Members of the Oklahoma Insurance Department’s Anti-Fraud Unit and deputies with the Tulsa County Sheriff’s Office recently wrote 17 citations for driving without auto insurance in Tulsa. Fourteen of the uninsured vehicles were towed during the safety checkpoint. The crackdown was the result of an ongoing partnership between the Oklahoma Insurance Department and the Tulsa County Sheriff’s Office.
“This continues to be a big problem in the state of Oklahoma,” said Oklahoma Insurance Commissioner John D. Doak. “Nearly one in four Oklahoma drivers is uninsured. But we are determined to turn the tide.”
A new law, House Bill 1792, allows law enforcement to remove the tag from an uninsured vehicle. The law provides temporary liability insurance for the uninsured vehicle for up to ten working days. The offender must pay for the cost of the temporary insurance, along with other required fees and fines, and purchase insurance to get his or her tag returned.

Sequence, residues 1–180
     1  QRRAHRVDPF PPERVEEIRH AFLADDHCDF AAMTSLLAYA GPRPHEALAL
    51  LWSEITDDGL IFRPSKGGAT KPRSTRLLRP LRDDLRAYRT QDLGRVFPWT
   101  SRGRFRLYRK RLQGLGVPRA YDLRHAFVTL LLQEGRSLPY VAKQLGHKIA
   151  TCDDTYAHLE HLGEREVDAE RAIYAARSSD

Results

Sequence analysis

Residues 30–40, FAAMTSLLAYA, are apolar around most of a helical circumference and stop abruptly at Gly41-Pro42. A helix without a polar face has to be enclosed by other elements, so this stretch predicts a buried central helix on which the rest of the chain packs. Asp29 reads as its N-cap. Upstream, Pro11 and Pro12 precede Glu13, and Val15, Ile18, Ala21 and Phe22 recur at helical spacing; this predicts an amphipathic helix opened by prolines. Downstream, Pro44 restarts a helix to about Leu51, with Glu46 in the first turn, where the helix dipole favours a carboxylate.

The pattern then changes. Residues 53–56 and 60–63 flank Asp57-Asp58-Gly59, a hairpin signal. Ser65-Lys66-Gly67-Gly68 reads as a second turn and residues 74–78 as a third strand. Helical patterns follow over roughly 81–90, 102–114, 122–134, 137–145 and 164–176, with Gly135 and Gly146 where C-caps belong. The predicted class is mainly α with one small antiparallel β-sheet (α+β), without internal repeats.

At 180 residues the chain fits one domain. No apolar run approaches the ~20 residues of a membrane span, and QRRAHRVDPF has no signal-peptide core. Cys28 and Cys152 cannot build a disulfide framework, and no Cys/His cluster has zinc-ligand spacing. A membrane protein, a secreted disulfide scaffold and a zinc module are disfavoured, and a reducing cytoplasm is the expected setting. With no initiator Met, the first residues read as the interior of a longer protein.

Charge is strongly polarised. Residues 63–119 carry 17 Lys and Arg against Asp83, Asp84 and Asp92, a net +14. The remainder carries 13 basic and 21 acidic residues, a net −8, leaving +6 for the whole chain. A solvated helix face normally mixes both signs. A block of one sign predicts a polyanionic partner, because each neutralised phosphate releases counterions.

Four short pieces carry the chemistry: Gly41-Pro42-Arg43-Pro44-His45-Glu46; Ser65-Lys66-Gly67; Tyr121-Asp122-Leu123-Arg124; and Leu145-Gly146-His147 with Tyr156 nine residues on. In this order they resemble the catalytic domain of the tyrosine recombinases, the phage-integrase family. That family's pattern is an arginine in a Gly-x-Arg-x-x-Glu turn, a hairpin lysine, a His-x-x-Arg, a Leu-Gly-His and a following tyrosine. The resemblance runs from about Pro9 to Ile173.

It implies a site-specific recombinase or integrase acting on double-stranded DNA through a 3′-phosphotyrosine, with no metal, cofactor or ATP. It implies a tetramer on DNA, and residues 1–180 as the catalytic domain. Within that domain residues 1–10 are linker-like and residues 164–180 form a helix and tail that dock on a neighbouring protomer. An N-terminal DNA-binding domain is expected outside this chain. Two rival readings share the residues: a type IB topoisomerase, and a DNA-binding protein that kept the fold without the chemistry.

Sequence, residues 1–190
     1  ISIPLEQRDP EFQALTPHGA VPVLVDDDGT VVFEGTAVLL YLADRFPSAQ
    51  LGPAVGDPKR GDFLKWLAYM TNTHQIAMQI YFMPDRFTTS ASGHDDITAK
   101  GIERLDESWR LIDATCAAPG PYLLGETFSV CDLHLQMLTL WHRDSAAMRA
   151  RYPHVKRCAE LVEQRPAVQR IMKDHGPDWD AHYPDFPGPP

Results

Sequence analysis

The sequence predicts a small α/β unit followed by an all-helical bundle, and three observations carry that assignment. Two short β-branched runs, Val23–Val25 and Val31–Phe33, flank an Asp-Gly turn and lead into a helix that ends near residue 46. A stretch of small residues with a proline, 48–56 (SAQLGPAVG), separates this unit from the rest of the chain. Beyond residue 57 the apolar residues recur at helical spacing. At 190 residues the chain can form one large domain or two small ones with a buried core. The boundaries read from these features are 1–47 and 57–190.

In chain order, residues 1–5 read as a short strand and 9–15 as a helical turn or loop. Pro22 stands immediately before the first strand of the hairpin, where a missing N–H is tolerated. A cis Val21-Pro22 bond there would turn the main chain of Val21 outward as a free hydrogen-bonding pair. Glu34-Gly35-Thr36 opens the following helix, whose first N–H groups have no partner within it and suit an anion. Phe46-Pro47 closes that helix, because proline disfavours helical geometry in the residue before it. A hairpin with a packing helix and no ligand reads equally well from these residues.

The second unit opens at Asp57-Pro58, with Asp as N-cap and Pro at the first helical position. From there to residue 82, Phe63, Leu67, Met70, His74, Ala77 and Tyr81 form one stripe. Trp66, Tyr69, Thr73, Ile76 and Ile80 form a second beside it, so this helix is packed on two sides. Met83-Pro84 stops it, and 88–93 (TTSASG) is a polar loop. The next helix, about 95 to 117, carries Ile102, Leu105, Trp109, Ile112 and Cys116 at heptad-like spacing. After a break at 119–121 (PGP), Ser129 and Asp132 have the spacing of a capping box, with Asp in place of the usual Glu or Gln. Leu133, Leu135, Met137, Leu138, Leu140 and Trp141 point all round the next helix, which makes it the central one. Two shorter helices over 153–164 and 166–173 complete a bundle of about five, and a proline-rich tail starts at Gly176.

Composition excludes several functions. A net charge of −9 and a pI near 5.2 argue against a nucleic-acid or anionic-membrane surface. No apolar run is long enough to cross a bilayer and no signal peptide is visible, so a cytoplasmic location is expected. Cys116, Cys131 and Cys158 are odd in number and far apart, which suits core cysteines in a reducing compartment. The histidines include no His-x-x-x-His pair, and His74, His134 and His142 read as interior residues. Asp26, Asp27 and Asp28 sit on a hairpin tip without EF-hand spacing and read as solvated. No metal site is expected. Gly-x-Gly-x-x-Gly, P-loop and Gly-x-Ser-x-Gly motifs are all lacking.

The Oklahoma Sheriffs’ Association (OSA) is the plan administrator of the new law.
“Training materials are being developed for law enforcement,” said OSA director Ken McNair. “We’re planning several training sessions with law enforcement officials around the state in November and December. I expect law enforcement will begin seizing tags of uninsured drivers on January 1, 2014,” McNair said.
“The goal is to lower the number of uninsured motorists over the long-term while also providing minimum liability insurance in the short-term at no cost to the state,” said Doak. “The Oklahoma Sheriffs’ Association is doing an outstanding job and I appreciate their hard work.”
HB 1792 was modeled after a similar measure in Louisiana. The uninsured motorist rate dropped from 30 percent to 13 percent after the law was implemented in that state.
“We are confident that when this new enforcement program begins it will make a difference,” Doak said.
Together, the Anti-Fraud Unit and Tulsa County Sheriff’s Office have executed six safety checkpoints. Of the 472 citations they’ve written, 217 were for driving without insurance. That’s 46 percent of the total. (Source: InsuranceJournal.com)
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